Airport Utility error message while updating firmware.
An error occurred.

In my experience, the error almost never occurs a second time, so try updating again.

Let’s see some other examples (next page).

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How to Fix iMessage “Waiting for Activation” on iPhone

Updated October 8th, 2020.

Is your iPhone stuck “Waiting for activation” when you turn on iMessage in the iOS Settings? Have you tried everything suggested in Apple’s Knowledge Base article, but still iMessage says “Waiting for activation”? Have you been turning iMessage off, turning it back on, restarting your iPhone, and waiting 24 hours, and still iMessage is “Waiting for activation”?

If so, you’re not alone! It seems iMessage is waiting for activation on a lot of iPhones: a Google search for “how to activate iMessage” yields 546,000 entries. I haven’t read them all, but as far as I know none of them suggest the method described here.

In my opinion, you’ve come to the right place.


EXECUTIVE SUMMARY: turn iMessage OFF, turn FaceTime OFF, sign OUT of iCloud, turn OFF your iPhone. Now, in this order: turn your iPhone ON, turn iMessage ON (signing in there), turn FaceTime ON (signing in there too), and then– and only then— sign into iCloud. Voilá!

  • In Settings, go to Messages and turn off the switch for iMessage.
  • Also in Settings, go to FaceTime and turn that switch off too.

If you were to follow Apple’s instructions, or any of the other articles about this, you’d next switch iMessage back on, or you’d turn your iPhone off, then back on, and then you’d switch iMessage back on… and then you’d still see “Waiting for activation.” Frustrating.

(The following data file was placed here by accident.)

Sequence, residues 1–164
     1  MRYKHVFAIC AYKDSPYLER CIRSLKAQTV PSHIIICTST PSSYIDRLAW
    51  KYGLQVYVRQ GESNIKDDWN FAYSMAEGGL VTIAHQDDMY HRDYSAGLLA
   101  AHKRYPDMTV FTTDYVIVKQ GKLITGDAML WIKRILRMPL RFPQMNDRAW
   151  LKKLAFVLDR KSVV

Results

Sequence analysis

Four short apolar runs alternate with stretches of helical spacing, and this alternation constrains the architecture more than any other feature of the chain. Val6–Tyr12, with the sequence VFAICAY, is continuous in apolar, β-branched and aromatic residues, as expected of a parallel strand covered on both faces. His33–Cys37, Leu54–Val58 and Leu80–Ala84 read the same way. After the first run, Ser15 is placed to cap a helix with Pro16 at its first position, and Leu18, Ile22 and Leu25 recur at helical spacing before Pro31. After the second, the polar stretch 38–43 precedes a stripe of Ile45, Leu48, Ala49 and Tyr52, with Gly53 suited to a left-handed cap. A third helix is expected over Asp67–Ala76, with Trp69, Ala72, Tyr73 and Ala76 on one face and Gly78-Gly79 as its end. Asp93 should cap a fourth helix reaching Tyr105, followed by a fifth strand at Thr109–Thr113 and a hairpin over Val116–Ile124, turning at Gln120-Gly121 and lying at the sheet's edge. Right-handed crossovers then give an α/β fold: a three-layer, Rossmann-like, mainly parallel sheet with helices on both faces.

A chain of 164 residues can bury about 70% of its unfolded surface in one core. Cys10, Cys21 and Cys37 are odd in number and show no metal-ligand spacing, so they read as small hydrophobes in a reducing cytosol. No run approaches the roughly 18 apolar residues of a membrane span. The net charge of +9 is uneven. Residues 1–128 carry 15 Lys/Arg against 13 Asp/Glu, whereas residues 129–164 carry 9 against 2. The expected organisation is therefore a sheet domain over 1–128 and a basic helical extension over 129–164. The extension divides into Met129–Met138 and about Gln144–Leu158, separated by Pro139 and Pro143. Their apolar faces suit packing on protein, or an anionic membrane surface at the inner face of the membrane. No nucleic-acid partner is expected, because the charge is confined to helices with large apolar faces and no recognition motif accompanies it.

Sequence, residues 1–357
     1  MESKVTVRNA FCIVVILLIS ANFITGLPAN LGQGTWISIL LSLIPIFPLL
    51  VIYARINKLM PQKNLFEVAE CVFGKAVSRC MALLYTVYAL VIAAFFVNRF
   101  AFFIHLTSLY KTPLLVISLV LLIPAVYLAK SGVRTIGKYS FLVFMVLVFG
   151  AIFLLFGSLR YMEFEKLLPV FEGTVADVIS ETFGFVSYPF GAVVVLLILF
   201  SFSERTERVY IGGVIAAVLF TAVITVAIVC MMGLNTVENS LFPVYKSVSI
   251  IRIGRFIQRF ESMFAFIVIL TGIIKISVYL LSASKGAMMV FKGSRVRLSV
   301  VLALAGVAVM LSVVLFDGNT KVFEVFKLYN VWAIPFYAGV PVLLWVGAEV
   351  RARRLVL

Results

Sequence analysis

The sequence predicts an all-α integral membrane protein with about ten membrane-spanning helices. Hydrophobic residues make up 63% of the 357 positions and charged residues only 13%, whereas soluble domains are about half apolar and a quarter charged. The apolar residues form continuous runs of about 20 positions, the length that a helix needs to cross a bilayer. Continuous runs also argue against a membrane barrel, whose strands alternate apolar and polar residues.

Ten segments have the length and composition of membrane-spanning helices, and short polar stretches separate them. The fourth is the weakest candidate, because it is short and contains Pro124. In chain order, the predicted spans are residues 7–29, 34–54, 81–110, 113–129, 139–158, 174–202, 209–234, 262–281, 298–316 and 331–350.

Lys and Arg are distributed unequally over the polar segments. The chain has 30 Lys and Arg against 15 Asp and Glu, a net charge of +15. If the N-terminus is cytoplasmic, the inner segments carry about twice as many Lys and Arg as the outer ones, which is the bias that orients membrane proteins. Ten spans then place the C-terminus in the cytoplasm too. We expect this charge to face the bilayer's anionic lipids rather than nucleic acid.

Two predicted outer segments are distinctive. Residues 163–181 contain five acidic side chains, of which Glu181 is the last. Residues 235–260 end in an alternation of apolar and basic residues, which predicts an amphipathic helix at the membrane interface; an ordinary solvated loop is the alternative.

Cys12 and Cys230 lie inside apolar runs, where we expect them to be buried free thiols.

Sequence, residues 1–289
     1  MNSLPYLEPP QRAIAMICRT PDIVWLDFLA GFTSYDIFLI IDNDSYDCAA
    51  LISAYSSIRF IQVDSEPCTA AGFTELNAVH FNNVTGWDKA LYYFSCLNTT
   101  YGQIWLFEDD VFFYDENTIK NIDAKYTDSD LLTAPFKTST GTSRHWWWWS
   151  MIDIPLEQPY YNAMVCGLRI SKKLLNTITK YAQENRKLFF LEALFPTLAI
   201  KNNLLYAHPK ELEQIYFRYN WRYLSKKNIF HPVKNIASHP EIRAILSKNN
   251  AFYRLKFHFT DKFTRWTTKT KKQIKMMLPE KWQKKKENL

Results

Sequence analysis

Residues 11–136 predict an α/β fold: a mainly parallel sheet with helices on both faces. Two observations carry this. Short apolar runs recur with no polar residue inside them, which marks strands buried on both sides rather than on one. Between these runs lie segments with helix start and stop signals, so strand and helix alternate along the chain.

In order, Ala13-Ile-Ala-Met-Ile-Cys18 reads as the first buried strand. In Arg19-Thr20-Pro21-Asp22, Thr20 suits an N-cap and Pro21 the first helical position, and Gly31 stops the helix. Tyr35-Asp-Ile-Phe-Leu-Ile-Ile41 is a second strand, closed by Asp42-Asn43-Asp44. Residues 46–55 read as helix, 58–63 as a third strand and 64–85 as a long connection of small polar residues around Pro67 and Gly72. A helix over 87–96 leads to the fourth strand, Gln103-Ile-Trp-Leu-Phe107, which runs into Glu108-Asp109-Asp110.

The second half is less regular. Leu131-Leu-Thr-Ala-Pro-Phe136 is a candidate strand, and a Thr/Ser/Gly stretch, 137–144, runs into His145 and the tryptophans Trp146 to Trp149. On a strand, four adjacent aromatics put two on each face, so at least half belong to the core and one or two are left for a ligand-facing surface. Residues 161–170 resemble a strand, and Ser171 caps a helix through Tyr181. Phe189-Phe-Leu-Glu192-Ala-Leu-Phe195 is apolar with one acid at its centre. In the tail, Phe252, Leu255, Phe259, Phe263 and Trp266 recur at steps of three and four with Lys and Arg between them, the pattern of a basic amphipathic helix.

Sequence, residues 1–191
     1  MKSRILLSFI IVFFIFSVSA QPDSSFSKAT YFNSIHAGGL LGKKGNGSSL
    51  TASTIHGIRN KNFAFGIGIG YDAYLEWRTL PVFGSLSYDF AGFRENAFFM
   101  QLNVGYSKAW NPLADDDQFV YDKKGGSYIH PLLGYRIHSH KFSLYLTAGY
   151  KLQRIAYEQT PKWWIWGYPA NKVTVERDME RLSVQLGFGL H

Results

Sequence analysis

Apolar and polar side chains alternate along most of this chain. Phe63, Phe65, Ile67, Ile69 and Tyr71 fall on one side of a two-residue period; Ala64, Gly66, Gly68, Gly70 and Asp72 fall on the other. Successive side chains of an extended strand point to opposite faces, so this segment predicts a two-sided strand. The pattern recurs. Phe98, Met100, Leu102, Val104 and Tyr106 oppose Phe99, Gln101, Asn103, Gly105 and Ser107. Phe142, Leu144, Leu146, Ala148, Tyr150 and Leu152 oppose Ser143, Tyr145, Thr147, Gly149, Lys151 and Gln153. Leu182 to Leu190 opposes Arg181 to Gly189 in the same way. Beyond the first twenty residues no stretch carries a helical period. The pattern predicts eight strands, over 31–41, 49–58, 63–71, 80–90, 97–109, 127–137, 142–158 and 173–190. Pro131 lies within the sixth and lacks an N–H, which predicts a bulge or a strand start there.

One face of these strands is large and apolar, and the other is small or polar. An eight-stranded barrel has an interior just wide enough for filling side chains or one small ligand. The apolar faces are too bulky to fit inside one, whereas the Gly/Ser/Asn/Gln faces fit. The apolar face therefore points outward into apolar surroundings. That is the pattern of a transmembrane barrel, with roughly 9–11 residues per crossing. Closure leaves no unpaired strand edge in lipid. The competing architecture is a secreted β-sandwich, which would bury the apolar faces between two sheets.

Here’s the magic.

  • After you’ve turned off iMessage and FaceTime in Settings, go to the very top part of Settings, where you see your name, and Airplane Mode, and WI-Fi, and Bluetooth. Tap on your name, leading to the screen with “Apple ID” at the very top, and “Sign Out” at the very bottom. Signing Out is what you’re going to do.

It would be a great idea to have a good look at the iCloud settings before you sign out. It’s likely that your iPhone will remember those settings but just in case, write them down.

  • Now we’re going to sign OUT of iCloud. You’ll have to put in your Apple ID password to do it. When you sign out, you’ll get a big message about saving a copy of the iCloud data onto your iPhone before signing out. Read it carefully. You DON’T want to save a copy on the iPhone.
No, you don't want to save a copy of the iCloud data onto your iPhone before signing out.
No, you don’t want to save a copy of the iCloud data onto your iPhone before signing out.

Everything you’re removing from your iPhone is stored on the iCloud server anyway, and you’re going to be signing back in to iCloud shortly, so you will get it all back very soon. So, sign out, and DON’T keep a copy of the iCloud data on your iPhone. Rest easy, it’s still on the iCloud server. You’ll see a message about “Removing iCloud Data.” Don’t worry you’re removing iCloud data from your iPhone, not from the server. (Don’t save a copy “just to be safe.” If you do save a copy of your iCloud data on your iPhone you’ll end up with duplicates and a big mess when you turn iCloud back on later. So don’t do that.)

  • Turn your iPhone off. Then turn it back on.
  • Go to the Settings. Resist temptation: do NOT “Sign in to your iPhone” at the top of the screen. Instead, scroll down to Messages, and sign in with your Apple ID credentials there. This is made a bit more difficult than it has to be due to there being no place to put your password. That’s OK– put in your Apple ID, then tap the Return key. That’s what produces the password box. Put in your password and then tap Sign In. In a moment– possibly after adding a six-digit two-factor authentication code– your phone should, probably, possibly, hopefully, indicate that iMessage is on, with NO message about “Waiting for activation.”
  • As long as you’re at it, go to FaceTime settings (Settings/FaceTime) and sign in with your Apple ID there too. Like iMessage, FaceTime should turn on without a “Waiting for activation” message.